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league1

[leeg]
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noun
  1. a covenant or compact made between persons, parties, states, etc., for the promotion or maintenance of common interests or for mutual assistance or service.
  2. the aggregation of persons, parties, states, etc., associated in such a covenant or compact; confederacy.
  3. an association of individuals having a common goal.
  4. a group of athletic teams organized to promote mutual interests and to compete chiefly among themselves: a bowling league.
  5. Sports.
    1. major league.
    2. minor league.
  6. group; class; category: As a pianist he just simply isn't in your league.
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verb (used with or without object), leagued, lea·guing.
  1. to unite in a league; combine.
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Idioms
  1. in league, working together, often secretly or for a harmful purpose; united.
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Origin of league1

1425–75; earlier leage < Italian lega, noun derivative of legare < Latin ligāre to bind; replacing late Middle English ligg < Middle French ligue < Italian liga, variant of lega

Synonyms

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2. combination, coalition.

Synonym study

1. See alliance.

league2

[leeg]
noun
  1. a unit of distance, varying at different periods and in different countries, in English-speaking countries usually estimated roughly at 3 miles (4.8 kilometers).
  2. a square league, as a unit of land measure.
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Origin of league2

1350–1400; Middle English lege, leuge < Late Latin leuga a Gaulish unit of distance equal to 1.5 Roman miles, apparently < Gaulish; replacing Old English lēowe < Late Latin, as above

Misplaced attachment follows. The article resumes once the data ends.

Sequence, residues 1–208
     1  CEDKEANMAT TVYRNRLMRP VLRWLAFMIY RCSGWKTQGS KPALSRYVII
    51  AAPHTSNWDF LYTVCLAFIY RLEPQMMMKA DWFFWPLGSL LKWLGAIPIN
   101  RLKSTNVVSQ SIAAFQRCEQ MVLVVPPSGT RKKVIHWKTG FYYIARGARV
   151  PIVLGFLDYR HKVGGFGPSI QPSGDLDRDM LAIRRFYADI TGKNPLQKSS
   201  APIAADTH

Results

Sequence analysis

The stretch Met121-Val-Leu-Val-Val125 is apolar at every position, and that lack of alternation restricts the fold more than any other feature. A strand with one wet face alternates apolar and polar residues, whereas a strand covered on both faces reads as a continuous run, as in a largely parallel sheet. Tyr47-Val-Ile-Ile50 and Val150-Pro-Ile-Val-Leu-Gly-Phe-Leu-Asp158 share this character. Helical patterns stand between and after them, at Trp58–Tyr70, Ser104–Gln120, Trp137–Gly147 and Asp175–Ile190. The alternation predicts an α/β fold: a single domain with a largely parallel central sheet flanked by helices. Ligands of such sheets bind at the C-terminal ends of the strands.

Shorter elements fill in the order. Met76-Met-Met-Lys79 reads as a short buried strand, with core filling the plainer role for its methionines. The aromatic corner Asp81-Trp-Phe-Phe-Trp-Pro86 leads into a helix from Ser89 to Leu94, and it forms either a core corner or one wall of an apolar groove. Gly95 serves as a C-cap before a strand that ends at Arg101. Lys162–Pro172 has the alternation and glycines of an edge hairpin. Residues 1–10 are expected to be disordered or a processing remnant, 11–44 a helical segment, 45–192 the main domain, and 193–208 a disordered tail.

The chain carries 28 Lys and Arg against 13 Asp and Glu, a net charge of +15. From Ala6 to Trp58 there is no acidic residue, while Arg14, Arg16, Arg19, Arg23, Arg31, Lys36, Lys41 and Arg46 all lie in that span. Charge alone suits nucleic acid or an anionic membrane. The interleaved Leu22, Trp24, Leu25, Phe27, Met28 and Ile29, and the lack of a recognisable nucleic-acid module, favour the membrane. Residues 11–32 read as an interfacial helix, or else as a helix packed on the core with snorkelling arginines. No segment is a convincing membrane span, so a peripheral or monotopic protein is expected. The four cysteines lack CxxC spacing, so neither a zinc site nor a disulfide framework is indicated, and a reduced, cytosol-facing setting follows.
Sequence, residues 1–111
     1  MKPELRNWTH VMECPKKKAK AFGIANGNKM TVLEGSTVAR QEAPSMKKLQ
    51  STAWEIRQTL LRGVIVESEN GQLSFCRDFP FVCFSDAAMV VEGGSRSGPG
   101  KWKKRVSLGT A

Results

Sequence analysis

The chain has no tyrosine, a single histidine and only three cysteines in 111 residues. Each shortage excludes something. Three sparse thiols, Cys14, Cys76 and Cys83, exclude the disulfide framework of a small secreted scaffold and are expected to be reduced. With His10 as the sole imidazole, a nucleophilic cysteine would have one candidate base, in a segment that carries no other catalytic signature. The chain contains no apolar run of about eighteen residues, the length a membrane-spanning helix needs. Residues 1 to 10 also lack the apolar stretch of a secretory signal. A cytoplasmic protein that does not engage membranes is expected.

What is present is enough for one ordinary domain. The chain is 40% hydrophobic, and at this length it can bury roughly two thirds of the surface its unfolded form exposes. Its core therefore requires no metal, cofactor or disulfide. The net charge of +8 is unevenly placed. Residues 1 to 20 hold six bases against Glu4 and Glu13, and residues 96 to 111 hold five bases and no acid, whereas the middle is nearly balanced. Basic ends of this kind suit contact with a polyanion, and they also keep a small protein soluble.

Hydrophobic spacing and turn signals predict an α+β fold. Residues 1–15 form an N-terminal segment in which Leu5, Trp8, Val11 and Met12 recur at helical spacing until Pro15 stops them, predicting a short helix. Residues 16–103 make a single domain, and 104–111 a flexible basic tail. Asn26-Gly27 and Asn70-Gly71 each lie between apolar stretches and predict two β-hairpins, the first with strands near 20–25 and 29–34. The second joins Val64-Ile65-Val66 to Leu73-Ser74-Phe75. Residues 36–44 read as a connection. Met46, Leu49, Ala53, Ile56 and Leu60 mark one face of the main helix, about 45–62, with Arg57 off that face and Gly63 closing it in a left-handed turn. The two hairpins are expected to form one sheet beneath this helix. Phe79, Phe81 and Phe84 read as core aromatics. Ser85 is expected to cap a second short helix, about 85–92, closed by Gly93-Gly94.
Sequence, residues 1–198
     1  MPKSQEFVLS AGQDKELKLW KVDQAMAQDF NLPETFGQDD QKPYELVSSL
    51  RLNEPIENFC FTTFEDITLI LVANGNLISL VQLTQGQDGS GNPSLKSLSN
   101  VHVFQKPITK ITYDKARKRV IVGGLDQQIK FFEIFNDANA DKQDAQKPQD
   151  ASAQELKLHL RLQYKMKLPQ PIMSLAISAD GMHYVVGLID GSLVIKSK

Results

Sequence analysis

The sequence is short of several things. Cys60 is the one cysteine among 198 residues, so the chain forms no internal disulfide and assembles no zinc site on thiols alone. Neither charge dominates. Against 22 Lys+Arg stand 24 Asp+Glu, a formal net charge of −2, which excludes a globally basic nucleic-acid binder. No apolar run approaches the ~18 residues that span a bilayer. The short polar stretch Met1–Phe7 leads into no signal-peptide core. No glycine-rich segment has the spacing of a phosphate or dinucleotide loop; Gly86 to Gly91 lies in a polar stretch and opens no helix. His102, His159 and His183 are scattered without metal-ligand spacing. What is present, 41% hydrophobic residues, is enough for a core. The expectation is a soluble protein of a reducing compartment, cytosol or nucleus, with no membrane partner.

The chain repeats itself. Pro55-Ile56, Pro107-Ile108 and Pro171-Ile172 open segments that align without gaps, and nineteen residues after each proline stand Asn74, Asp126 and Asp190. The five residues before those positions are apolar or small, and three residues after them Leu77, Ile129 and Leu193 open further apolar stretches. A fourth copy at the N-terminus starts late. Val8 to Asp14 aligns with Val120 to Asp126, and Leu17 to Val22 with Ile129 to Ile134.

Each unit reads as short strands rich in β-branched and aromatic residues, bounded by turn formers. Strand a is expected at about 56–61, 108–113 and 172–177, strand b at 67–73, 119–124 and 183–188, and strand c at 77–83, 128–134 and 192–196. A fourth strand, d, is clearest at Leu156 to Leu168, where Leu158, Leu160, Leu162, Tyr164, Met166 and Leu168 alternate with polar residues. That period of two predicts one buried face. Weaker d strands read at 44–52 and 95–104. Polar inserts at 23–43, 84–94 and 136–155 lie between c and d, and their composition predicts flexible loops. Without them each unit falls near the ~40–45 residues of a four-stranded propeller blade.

Dictionary.com Unabridged Based on the Random House Unabridged Dictionary, © Random House, Inc. 2018

Examples from the Web for league

Contemporary Examples

Historical Examples

  • As soon would I league myself with the Odomantians of Thrace!

    Philothea

    Lydia Maria Child

  • “I wish they may not be in league with them,” said Master Headley.

    The Armourer's Prentices

    Charlotte M. Yonge

  • There be seven of them in all, lying off the town of Hampton on the mainland, about a league.

  • She was confessedly in league with a gang of adventurers upon a quest for treasure.

  • Had she decoyed him to the rendezvous in the dark but to betray him to the bandits with whom she was in league?


British Dictionary definitions for league

league1

noun
  1. an association or union of persons, nations, etc, formed to promote the interests of its members
  2. an association of sporting clubs that organizes matches between member teams of a similar standard
  3. a class, category, or levelhe is not in the same league
  4. in league working or planning together (with)
  5. (modifier) of, involving, or belonging to a leaguea league game; a league table
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verb leagues, leaguing or leagued
  1. to form or be formed into a league
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Word Origin

C15: from Old French ligue, from Italian liga, ultimately from Latin ligāre to bind

league2

noun
  1. an obsolete unit of distance of varying length. It is commonly equal to 3 miles
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Word Origin

C14 leuge, from Late Latin leuga, leuca, of Celtic origin
Collins English Dictionary - Complete & Unabridged 2012 Digital Edition © William Collins Sons & Co. Ltd. 1979, 1986 © HarperCollins Publishers 1998, 2000, 2003, 2005, 2006, 2007, 2009, 2012

Word Origin and History for league

n.1

"alliance," mid-15c., ligg, from Middle French ligue "confederacy, league" (15c.), from Italian lega, from legare "to tie, to bind," from Latin ligare "to bind" (see ligament). Originally among nations, subsequently extended to political associations (1846) and sports associations (1879). League of Nations first attested 1917 (created 1919).

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n.2

distance of about three miles, late 14c., ultimately from Late Latin leuga (cf. French lieue, Spanish legua, Italian lega), said by Roman writers to be from Gaulish. A vague measure (perhaps originally an hour's hike) never in official use in England, where it is recorded more often in poetic than in practical writing.

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v.

"to form a league," 1610s, from league (n.1). Related: Leagued; leaguing.

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Online Etymology Dictionary, © 2010 Douglas Harper

Idioms and Phrases with league

league

The American Heritage® Idioms Dictionary Copyright © 2002, 2001, 1995 by Houghton Mifflin Harcourt Publishing Company. Published by Houghton Mifflin Harcourt Publishing Company.